Armed with this data, Michael along with Catholic activist John Dayal and Supreme Court lawyer Sister Mary Scaria addressed a news conference with secular activists on Dec. 28 in New Delhi on the Modi government’s “Lunch Diplomacy and Christian Persecution.”
“The prime minister is not only free but duty-bound to embrace the nation’s religious minorities and invite their leaders to functions at his house on Christmas. ... But the Christmas spirit must not let us forget the condition and tribulations of our brothers and sisters who suffer because of government impunity and the brazen political elements who have no respect for the constitution of India and its guarantees of freedoms to the citizens,” the Catholic leaders lamented in their press statement.
“The persecution of the community is rampant, hate towards it from the highest quarters of nationalist religious leadership as deep as it can be,” they decried.
“The government seems keen to starve it [Christianity] out of existence by withdrawing the FCRAs [license to receive foreign donations] of a vast number of churches and its NGOs [nongovernmental organizations], and using the investigating agencies against cardinals and bishops, pastors and laypeople. In UP [Uttar Pradesh], for instance, over 100 pastors and even ordinary men and women are in jail under charges of illegal conversions when celebrating birthdays or conducting Sunday prayers,” the statement said.
Dayal, former president of All India Catholic Union, dubbed Modi’s Christmas hosting of Christian leadership as “just an eyewash to impress the Christians.”
“The prime minister has made a mockery of the pains of the Christian community by remaining silent and [was] not bothered to even visit bleeding Manipur,” Dayal told CNA Dec. 29.
“If he was concerned about peace and safety of the hounded Christians, he could have taken stern preemptive action to curb and stop the Manipur violence,” Dayal added.
Beginning in May, Manipur state in northeast India, which borders Myanmar, has witnessed a protracted violent ethnic clash between the majority Meiteis, most of them Hindus, and the minority Kuki tribals (almost all of them Christians).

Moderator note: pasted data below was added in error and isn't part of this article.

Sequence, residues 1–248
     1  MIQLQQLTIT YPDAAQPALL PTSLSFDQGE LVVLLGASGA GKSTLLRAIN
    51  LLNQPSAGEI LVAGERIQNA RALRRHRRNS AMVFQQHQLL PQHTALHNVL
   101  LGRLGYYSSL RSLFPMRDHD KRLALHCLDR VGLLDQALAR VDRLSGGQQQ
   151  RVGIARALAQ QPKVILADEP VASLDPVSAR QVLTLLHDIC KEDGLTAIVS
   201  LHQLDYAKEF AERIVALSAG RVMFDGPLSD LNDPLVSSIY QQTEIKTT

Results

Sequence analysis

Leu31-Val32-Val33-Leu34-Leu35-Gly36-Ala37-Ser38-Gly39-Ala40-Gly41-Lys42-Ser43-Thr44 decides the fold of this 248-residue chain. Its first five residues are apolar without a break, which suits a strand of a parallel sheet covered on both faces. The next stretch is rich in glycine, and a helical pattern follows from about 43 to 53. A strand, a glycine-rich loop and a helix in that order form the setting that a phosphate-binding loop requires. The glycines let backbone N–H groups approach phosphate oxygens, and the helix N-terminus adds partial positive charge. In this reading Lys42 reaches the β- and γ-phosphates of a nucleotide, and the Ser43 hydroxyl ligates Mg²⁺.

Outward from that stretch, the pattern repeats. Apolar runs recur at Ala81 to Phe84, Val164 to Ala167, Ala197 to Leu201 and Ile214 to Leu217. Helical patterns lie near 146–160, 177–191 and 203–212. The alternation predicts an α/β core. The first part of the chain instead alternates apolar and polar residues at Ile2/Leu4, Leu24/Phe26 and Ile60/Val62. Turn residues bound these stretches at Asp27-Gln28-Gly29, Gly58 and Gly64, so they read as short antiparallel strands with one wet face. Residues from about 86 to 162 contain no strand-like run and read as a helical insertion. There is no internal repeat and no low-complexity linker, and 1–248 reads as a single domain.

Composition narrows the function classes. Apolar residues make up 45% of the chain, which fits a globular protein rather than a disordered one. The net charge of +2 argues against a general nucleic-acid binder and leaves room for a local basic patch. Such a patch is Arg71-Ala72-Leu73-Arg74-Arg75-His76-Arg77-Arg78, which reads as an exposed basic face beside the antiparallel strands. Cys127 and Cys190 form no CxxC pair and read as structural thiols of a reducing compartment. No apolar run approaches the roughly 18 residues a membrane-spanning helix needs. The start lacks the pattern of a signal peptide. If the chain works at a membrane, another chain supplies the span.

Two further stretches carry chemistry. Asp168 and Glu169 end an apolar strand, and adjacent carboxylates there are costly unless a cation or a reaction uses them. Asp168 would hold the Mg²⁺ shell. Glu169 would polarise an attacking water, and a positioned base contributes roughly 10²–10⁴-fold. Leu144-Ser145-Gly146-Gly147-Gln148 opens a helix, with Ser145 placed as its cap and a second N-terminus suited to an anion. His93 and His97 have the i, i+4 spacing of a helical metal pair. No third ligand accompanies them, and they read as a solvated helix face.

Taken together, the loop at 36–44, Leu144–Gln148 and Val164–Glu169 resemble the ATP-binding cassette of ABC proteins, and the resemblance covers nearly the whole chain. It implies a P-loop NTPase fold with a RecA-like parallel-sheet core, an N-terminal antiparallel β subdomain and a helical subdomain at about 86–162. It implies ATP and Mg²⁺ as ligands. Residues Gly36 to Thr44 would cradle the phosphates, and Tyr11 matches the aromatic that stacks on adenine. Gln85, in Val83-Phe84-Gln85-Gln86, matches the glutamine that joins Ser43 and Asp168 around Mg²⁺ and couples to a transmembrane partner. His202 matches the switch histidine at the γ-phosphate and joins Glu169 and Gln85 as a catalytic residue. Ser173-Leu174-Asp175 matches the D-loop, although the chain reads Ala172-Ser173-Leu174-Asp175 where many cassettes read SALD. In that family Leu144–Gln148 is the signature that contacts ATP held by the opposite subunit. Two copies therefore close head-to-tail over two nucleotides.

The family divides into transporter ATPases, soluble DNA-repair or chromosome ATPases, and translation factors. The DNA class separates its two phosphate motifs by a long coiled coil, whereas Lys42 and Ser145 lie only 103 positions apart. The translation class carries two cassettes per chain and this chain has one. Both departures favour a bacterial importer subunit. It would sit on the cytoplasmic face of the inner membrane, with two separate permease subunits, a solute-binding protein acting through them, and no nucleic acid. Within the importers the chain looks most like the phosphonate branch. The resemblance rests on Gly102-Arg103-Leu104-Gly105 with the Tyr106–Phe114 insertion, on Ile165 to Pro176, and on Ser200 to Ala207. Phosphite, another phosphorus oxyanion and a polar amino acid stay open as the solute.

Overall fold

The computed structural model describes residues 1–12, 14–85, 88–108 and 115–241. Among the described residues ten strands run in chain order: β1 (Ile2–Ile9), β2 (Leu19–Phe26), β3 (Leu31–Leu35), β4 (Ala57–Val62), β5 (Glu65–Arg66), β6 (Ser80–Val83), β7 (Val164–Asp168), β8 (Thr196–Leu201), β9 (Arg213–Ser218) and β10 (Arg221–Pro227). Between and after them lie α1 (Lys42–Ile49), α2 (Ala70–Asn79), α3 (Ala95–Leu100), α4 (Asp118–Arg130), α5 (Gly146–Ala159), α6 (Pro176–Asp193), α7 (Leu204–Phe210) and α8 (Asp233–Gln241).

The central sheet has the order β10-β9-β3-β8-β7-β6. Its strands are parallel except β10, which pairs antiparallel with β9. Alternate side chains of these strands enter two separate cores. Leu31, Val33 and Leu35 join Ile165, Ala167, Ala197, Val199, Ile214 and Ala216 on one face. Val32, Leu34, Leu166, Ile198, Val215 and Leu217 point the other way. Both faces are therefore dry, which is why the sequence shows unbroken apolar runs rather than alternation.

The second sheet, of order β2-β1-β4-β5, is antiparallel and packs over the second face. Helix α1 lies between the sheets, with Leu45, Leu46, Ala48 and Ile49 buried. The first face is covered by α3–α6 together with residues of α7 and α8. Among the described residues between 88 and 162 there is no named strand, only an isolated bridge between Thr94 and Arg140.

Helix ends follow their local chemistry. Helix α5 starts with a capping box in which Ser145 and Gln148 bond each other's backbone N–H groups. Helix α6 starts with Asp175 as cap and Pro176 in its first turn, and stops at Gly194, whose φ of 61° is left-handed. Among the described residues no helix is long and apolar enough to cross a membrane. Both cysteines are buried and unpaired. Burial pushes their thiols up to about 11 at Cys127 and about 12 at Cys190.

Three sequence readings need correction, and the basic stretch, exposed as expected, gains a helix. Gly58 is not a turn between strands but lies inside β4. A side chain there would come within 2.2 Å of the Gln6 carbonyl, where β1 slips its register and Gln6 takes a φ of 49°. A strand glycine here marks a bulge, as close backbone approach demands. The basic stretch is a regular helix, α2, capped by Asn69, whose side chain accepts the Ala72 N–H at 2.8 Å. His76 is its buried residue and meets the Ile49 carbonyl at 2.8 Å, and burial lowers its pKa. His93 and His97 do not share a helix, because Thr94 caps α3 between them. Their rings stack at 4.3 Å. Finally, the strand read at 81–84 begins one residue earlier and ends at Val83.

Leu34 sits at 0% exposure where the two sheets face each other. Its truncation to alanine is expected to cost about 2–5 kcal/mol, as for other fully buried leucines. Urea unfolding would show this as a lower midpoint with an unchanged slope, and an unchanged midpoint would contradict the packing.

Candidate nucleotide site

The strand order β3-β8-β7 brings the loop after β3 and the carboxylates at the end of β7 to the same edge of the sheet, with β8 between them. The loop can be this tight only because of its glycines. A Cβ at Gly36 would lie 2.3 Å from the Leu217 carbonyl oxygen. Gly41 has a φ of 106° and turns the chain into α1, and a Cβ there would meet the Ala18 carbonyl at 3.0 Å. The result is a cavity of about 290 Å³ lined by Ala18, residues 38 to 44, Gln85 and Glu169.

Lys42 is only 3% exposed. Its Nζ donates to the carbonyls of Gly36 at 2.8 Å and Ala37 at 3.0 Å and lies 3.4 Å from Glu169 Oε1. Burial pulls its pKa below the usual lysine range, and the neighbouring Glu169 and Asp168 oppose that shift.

Among the nearly 200 killed and over 60,000 displaced in Manipur, the overwhelming majority are Kukis who have been chased out from Meitei strongholds, such as the Imphal Valley, in the simmering violence.
Media and independent investigators have blamed the BJP-led state government’s condoning of the violence by Meitei groups that have also destroyed or damaged more than 600 churches.
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“Though some would say the program had a political agenda, I see it as an opportunity for dialogue and greeting Christians,” Carmelite of Mary Immaculate (CMI) missionary Father Roby Kannanchira, who gifted Modi at the program a memento from his interreligious programs in Delhi, told CNA.
“I consider this as a new initiative and am hopeful that it will [pave the] way for some good,” said Kannanchira, who heads the Chavara Cultural Center named after St. Chavara Elias Kuriakose, one of the founders of the CMI congregation based in Kerala.
Anto Akkara is a journalist writing from Bangalore, India. He is a regular correspondent with the National Catholic Register. Besides international reporting, Akkara has written books and produced documentaries telling the stories of the martyrs of Kandhamal. He has recieved the St. Titus Brandsma Award for journalism.